Distemper, Scourge, Invader: Discourse and Plague in Defoe's A Journal of the Plague Year

Geoffrey Payne*

*Corresponding author for this work

Research output: Contribution to journalArticlepeer-review

2 Citations (Scopus)

Abstract

This article analyzes the unsettling role given to plague in the representational practices of Daniel Defoe's A Journal of the Plague Year (1722). It focuses on how Defoe's combination of discursive frames provides a model for interpreting and understanding his complex world-view. I suggest that, by scrutinizing the mixture of discourses employed to represent plague and its effects, especially those drawn from the fields of natural philosophy, politics and theology, scholars can newly appreciate Defoe's view of the position of the human in a total world economy. By analyzing how plague orders and disturbs notions of the human within those different fields, and how it bridges the divisions among them, I propose that we are able to better understand Defoe's systemic vision of the world.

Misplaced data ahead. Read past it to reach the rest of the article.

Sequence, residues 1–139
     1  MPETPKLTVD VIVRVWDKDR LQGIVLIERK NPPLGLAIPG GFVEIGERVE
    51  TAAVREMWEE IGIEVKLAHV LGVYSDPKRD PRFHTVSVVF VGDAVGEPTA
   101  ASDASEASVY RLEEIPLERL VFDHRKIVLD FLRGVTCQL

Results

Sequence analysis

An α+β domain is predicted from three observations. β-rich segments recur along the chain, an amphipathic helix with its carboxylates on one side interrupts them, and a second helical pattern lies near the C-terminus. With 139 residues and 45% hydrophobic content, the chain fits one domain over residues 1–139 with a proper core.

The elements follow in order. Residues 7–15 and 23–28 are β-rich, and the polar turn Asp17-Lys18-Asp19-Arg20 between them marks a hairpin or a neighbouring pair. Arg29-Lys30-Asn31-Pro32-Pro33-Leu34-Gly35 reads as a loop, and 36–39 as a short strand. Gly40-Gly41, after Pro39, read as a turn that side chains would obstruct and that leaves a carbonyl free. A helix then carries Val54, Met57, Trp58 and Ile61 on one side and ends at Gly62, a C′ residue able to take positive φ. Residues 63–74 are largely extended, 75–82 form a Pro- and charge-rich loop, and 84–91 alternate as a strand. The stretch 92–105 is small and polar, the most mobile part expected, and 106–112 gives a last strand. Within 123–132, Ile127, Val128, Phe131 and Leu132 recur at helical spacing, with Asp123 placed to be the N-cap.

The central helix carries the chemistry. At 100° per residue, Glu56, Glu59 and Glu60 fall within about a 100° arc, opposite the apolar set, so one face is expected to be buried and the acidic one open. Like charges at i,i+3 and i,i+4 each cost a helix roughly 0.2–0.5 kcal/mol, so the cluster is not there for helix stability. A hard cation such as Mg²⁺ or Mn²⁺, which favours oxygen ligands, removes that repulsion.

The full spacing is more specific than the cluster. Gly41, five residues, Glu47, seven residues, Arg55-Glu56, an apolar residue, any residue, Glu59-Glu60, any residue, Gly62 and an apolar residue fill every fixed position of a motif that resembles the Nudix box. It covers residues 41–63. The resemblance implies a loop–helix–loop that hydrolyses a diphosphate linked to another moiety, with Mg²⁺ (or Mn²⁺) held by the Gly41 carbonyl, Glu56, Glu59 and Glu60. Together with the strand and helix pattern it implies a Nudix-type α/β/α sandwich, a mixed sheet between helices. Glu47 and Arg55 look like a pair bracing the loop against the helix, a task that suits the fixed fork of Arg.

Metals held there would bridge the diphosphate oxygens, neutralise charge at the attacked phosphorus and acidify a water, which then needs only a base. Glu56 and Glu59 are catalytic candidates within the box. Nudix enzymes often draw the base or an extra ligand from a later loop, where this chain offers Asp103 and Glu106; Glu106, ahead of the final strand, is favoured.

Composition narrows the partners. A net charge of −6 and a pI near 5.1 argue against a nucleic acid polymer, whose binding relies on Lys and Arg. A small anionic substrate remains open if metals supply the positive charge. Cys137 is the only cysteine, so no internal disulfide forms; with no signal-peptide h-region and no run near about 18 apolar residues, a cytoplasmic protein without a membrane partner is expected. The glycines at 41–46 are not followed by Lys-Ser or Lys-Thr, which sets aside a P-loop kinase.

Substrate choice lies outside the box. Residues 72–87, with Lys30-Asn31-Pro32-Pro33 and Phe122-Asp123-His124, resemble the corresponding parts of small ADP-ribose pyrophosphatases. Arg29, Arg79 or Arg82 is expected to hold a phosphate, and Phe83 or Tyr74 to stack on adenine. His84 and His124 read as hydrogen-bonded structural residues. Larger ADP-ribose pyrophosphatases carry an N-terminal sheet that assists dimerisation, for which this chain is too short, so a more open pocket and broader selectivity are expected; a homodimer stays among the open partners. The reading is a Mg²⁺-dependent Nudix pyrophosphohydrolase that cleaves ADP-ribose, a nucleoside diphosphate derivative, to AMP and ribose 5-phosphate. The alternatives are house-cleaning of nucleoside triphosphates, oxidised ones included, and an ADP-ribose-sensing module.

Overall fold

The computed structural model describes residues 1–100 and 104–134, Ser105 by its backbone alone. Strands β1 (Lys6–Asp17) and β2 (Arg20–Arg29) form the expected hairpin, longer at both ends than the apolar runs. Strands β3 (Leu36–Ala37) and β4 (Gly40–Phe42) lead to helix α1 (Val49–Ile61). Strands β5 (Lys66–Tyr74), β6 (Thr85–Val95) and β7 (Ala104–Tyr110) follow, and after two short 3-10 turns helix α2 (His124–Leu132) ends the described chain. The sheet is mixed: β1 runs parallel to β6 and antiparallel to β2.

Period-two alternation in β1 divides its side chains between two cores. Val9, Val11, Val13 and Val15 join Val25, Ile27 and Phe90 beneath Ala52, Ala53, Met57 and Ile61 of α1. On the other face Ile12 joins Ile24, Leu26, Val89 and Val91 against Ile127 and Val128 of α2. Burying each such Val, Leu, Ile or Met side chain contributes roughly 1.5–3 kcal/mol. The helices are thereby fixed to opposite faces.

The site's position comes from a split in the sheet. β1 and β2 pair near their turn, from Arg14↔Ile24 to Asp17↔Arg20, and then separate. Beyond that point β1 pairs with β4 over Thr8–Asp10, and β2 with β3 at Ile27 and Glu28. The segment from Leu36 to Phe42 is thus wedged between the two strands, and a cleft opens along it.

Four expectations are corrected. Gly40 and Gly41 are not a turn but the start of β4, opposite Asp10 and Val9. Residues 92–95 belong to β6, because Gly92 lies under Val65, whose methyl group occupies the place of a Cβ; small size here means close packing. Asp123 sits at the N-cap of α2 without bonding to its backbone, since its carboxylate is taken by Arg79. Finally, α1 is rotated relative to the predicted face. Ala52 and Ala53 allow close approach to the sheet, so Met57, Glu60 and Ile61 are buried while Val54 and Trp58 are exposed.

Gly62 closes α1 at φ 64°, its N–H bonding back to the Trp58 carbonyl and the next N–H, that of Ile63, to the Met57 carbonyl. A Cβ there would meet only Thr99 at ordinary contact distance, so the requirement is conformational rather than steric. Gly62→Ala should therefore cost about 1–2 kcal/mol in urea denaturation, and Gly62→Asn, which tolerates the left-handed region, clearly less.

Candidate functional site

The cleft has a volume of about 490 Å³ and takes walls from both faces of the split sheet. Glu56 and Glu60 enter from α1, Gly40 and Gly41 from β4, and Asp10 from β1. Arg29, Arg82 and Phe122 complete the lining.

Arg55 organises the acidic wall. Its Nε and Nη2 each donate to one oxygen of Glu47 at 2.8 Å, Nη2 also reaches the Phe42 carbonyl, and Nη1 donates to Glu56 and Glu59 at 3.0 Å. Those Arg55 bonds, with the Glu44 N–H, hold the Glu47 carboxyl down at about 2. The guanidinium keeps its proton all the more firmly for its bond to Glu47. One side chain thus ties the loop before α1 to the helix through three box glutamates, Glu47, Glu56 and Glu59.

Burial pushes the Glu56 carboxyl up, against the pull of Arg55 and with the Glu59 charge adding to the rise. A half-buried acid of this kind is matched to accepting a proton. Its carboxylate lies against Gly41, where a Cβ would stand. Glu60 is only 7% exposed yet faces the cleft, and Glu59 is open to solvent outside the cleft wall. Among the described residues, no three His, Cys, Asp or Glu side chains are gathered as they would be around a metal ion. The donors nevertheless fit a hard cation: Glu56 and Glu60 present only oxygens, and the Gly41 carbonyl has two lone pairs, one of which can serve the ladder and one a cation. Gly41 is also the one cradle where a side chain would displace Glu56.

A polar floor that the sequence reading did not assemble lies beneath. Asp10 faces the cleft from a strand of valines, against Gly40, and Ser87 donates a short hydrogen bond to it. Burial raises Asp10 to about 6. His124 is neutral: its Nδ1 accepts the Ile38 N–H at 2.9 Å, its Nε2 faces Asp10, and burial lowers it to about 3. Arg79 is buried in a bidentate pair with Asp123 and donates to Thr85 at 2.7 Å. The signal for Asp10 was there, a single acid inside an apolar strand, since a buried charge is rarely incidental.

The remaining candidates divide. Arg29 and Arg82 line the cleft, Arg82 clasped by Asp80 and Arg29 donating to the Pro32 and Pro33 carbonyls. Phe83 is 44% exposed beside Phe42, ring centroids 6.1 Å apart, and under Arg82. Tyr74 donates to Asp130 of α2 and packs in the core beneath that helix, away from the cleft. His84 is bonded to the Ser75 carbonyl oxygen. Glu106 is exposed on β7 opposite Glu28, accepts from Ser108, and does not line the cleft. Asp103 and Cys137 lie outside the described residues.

Original languageEnglish
Pages (from-to)620-636
Number of pages17
JournalEnglish Studies
Volume95
Issue number6
DOIs
Publication statusPublished - Oct 2014

Fingerprint Dive into the research topics of 'Distemper, Scourge, Invader: Discourse and Plague in Defoe's A Journal of the Plague Year'. Together they form a unique fingerprint.

Cite this